The Seinfeld MBA

Annie Duke’s book (finally) came out today. Thus ends a year of me thinking about it and trying to pre-order it repeatedly. Shout out to the Amazon “oops! You already pre-ordered this” message that makes me feel less dumb. Anyway, I am stealing an older idea from her, and if – as I suspect – she breaks this down in the book, I’ll have to revisit it again because I am sure she’s going to do it better. For now, I’ll attempt to make it my own.

From Jerry Seinfeld’s bit, “Night Guy.”

“I never get enough sleep. I stay up late at night, ‘cause I’m Night Guy. Night Guy wants to stay up late. ‘What about getting up after five hours sleep?’ Oh that’s Morning Guy’s problem. That’s not my problem, I’m Night Guy. I stay up as late as I want. So you get up in the morning to your alarm, you’re exhausted, groggy, ‘oooh I hate that Night Guy!’ See, Night Guy always screws Morning Guy. There’s nothing Morning Guy can do. The only thing Morning Guy can do is try and oversleep often enough so that Day Guy loses his job and Night Guy has no money to go out anymore.”

Classic. Now, let’s educate the funny right out of this (cue teenager eye-rolls).

There are 3 “levels” that matter here:

1.       The Transaction Level

2.       The Risk Allocation Level

3.       The Risk Location Level

The bit is funny, because there’s one Jerry, but he’s making us think of Night Guy (NG), Morning Guy (MG), and Day Guy (DG) as three separate people. Each persona operates on Levels 1 and 2. Together, as Jerry, they operate on Level 3.

Imagine Jerry as CEO of Seinfeld Incorporated. NG is his sales division, MG is his assembly line, and DG is his CFO. When NG ramps up sales, MG starts to struggle to keep up. DG advises that Jerry can either:

A.      Choose to maximize profits and just make MG work a bit harder to complete the orders, or

B.      Invest in expanding MG’s capabilities to deliver more orders, which would cut into the profit bump they are getting from the increase in NG’s sales.

There’s a complicated balancing act at play here.

If we zoom in, NG’s Level 1 success comes from making the sale. The problem is, the promise of delivery shifts the downside risk onto MG – who doesn’t currently have the resources to easily meet the uptick in demand! NG’s Level 1 reward is MG’s Level 1 risk, or in Jerry’s words, “NG screws MG.” As soon as we have more than one transaction, we have Level 2 problems.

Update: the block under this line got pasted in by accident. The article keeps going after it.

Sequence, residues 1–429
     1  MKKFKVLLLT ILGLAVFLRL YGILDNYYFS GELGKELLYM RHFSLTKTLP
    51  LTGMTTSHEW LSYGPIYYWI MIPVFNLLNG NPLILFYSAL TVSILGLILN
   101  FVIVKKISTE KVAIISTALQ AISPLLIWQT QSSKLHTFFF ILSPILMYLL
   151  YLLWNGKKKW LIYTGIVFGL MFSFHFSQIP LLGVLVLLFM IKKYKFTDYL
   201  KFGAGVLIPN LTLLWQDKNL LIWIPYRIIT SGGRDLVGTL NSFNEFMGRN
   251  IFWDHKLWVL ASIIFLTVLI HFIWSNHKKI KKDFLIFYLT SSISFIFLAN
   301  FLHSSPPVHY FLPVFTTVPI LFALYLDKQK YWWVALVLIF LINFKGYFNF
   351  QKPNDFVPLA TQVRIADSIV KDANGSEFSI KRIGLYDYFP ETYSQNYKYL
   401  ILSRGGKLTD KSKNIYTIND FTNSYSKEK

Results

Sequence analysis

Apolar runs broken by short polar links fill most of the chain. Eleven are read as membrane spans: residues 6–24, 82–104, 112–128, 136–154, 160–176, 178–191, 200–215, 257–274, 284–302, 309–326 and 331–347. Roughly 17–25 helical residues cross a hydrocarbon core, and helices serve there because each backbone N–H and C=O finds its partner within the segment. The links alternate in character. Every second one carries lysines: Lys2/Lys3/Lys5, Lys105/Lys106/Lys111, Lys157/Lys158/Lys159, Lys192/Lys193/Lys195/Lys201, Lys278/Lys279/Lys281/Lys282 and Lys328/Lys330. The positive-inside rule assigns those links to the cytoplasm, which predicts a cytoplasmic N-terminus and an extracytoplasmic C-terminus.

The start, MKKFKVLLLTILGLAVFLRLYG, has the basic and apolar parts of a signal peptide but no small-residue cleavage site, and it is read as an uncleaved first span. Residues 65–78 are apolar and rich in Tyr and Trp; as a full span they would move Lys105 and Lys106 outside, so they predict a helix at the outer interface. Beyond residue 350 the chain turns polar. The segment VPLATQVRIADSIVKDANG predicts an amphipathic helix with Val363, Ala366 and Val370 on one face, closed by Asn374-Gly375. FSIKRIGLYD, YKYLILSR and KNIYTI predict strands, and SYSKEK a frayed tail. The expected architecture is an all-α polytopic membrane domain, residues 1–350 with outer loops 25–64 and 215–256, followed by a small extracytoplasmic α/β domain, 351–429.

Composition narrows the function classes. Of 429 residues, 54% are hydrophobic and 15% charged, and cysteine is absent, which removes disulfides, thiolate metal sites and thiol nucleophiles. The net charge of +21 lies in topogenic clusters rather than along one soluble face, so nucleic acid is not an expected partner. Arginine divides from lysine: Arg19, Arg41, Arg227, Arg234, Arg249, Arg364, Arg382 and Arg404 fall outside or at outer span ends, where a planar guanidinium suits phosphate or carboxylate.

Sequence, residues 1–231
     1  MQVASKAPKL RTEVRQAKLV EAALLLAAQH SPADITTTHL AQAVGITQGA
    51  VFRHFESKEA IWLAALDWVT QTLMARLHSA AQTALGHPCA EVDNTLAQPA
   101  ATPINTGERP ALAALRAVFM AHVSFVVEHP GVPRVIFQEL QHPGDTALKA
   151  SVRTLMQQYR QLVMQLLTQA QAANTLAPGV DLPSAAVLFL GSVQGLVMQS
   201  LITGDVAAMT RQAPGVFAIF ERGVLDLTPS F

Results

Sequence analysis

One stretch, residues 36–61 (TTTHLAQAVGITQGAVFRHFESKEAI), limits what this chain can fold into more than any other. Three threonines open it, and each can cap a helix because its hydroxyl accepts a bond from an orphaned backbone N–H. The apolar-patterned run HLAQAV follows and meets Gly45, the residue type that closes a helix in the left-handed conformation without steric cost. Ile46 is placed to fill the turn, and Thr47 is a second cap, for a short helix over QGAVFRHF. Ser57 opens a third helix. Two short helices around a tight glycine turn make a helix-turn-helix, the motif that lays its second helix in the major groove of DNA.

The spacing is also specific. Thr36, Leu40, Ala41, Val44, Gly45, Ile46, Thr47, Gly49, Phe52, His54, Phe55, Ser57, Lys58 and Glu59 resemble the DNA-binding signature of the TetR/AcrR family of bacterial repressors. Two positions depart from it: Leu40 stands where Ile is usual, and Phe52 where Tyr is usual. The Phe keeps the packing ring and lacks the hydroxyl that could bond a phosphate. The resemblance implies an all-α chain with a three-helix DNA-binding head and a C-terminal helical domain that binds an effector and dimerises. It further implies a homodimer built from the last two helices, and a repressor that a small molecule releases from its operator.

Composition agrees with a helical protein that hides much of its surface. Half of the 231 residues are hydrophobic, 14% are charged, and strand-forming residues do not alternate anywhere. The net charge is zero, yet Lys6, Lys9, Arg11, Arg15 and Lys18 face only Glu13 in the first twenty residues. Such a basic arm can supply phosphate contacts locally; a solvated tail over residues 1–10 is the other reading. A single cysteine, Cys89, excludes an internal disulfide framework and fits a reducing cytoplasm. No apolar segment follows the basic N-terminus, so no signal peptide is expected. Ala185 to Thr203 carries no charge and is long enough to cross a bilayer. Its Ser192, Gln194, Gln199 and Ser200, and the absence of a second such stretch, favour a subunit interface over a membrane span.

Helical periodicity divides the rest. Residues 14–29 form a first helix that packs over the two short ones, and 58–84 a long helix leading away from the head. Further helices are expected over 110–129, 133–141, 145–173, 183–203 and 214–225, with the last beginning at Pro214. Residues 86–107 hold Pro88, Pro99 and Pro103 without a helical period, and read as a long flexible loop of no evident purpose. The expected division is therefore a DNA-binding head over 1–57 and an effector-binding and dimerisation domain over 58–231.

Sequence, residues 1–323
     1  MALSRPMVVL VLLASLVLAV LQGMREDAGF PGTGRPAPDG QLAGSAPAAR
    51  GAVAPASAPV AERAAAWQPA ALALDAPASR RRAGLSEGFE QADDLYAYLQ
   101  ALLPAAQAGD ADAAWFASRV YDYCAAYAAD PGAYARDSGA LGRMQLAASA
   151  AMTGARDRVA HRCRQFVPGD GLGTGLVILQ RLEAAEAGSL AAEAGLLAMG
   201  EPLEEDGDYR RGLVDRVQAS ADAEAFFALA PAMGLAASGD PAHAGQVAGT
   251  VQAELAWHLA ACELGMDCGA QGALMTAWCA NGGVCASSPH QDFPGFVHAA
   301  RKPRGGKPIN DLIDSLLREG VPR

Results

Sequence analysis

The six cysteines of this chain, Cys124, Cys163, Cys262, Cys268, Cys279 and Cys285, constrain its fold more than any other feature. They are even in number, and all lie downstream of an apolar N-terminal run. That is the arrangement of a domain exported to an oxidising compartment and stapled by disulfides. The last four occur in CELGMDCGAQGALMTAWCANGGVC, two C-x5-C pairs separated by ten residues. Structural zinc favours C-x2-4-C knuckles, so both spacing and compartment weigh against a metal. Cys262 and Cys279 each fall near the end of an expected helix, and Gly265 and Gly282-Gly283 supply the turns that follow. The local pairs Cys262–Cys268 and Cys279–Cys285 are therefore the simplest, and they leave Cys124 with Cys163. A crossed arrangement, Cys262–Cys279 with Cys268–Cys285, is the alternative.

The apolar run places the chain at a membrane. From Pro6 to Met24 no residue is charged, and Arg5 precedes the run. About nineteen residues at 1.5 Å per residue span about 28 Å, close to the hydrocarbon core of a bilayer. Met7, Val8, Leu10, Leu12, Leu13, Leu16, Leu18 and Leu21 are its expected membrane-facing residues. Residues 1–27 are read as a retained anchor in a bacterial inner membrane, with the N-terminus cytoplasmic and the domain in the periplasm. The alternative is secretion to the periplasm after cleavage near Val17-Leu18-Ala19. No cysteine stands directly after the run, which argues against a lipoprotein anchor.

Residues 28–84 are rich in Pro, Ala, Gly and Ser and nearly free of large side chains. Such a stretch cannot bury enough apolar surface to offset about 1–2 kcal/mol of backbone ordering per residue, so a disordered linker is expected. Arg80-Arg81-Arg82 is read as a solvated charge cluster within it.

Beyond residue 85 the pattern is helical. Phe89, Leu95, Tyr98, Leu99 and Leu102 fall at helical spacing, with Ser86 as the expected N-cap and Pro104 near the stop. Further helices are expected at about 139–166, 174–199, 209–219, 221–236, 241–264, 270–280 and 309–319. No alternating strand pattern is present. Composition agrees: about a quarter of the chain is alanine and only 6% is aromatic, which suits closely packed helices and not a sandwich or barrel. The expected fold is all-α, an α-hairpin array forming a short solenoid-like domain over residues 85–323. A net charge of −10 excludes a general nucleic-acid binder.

To solve a Level 2 problem, the bit takes the funny route of MG using DG to sabotage NG. In our less-funny Seinfeld Inc. scenario, DG presents us with the two choices. Jerry is going to need to choose one based on his longer-term vision for the company. The introduction of time and the need for forward projections creates our Level 3 problem.

To recap: Level 1 is just an isolated transaction. Level 2 handles the relationship between multiple transaction’s risks and rewards now, while Level 3 handles the current “portfolio” of transactions with an eye on what it all means later.

You can apply the same framework to any business. In the world of financial planning and asset management, the recent market volatility is full of anecdotes about Level 1 transactions, ex. “worst single-day point drop ever.” Occasionally the headlines dribble in some Level 2 information, like “stocks and bonds to sell-off again,” but you’re never really going to hear about Level 3.

To be abundantly (and redundantly) clear, Level 3 is where everything comes together. It’s intensely personal, and in a way, it’s by far the biggest deal. In fact, there’s so much nuance, that you are guaranteed to never see it in the headlines. It’s just a harder conversation. It is how we play the long game that determines if we win or lose. Level 3 is wearing the coat, Levels 1 and 2 are riding the tails.

So, be smart out there. Don’t let Morning Guy use Day Guy to sabotage Night Guy. Put all of the pieces together, and act with intent.

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